I understand how bloated and non-reusable code can get when a dozen people who don’t talk to each other work on it over a period of years. I don’t believe the problem is the principle of semantic markup or the cascade in CSS. I believe the problem is a dozen people working on something without talking to each other.
Depending on how you’re currently structuring your CSS and class attributes, web components might not make all that much of a difference to your workflow.
Ensure that your class names never go out of sync with your style declarations with this one simple trick:
Take any CSS rule you want to apply, replace : by -, and dots by -dot-, and you get the name of the corresponding universal css classname.
The only thing missing is immutability, so I would suggest also putting
!important after each declaration in the CSS. Voila! No more specificity battles.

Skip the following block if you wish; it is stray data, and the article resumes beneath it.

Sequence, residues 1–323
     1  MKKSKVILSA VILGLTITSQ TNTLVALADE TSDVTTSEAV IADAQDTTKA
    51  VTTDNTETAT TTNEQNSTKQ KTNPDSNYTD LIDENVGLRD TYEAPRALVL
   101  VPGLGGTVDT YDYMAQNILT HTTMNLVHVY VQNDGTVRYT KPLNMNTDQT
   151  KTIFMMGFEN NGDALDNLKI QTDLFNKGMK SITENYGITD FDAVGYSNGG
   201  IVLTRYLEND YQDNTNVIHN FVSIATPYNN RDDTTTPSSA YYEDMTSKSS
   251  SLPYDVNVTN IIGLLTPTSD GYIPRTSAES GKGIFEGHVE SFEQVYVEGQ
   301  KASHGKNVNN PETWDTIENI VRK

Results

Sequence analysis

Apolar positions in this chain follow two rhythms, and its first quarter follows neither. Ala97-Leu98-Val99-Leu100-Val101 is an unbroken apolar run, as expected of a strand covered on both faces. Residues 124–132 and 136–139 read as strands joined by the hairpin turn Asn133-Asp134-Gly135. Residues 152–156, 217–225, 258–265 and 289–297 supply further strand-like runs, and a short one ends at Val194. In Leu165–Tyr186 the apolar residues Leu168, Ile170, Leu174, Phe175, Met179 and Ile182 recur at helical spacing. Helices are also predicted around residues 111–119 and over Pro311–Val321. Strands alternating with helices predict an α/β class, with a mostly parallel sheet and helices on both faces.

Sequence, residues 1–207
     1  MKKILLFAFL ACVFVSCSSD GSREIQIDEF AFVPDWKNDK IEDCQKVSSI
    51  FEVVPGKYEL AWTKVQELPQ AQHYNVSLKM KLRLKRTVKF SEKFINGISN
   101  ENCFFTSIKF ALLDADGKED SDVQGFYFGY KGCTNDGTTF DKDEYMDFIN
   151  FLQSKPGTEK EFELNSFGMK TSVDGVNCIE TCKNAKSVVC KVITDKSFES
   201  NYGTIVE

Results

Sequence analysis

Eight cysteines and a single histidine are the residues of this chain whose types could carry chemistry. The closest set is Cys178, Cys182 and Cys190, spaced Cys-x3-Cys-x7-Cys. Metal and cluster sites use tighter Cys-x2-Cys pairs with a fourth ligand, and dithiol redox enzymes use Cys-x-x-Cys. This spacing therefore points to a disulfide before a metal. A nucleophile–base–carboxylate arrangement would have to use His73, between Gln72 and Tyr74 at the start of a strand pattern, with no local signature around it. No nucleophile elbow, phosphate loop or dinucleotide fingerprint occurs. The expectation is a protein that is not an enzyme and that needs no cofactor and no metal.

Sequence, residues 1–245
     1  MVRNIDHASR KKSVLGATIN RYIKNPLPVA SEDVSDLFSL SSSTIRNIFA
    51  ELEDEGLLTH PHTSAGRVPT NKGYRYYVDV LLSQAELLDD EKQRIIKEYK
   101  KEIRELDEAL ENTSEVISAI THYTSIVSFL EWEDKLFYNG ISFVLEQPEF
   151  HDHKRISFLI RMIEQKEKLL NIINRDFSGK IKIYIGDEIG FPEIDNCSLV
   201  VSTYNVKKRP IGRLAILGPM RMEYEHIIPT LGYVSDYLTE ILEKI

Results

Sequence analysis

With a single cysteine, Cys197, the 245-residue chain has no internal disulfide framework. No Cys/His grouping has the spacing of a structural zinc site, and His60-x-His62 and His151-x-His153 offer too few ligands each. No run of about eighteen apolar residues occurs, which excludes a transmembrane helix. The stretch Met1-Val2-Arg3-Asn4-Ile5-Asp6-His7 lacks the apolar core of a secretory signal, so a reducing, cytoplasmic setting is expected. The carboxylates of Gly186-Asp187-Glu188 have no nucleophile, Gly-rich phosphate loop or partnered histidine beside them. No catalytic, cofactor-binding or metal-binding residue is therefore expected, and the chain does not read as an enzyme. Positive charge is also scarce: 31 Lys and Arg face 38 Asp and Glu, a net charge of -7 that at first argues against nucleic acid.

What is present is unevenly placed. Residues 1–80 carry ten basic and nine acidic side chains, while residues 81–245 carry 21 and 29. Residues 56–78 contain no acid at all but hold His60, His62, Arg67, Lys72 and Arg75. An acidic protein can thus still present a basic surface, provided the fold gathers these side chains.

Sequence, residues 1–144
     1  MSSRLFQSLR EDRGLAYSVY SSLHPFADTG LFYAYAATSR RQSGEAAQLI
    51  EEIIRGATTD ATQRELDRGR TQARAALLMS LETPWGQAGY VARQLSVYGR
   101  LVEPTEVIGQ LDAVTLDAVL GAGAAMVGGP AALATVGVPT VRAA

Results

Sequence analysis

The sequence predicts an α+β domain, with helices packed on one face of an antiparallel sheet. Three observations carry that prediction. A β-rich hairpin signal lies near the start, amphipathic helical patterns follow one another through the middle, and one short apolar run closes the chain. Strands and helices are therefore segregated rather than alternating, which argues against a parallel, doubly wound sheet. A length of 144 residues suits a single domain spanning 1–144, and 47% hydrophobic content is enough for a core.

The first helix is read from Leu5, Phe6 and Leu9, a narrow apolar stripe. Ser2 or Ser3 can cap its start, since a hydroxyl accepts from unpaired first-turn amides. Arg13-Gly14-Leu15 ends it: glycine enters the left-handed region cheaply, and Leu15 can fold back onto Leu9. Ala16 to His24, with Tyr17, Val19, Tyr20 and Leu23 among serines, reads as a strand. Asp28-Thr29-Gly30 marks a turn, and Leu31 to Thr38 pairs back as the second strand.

Funny because it’s true:
The thing I regret the most is how my class addiction affected my relationship with HTML.
This nifty place in Brighton is just down the street from me:
Our classes allow kids to get creative with exciting, cutting-edge technology and software.
Why you should say HTML classes, CSS class selectors, or CSS pseudo-classes, but not CSS classes - Tantek
I love that Tantek is as pedantic as I am …although I don’t think “pedantic” is exactly the right word.
This is a well-reasoned, thoughtful article on avoiding class names in CSS …but I don’t agree with it. That said, perhaps there’s a reasonable middle ground to be found between this extreme stance and the opposite (but in some ways just as extreme) stance of OOCSS.
The thought process behind trying to abstract class names that are used for layout in responsive designs (and can therefore refer to different widths depending on the context). Here, the author settles on letters. In the past, I’ve approached the same kind of abstraction by using latinised names.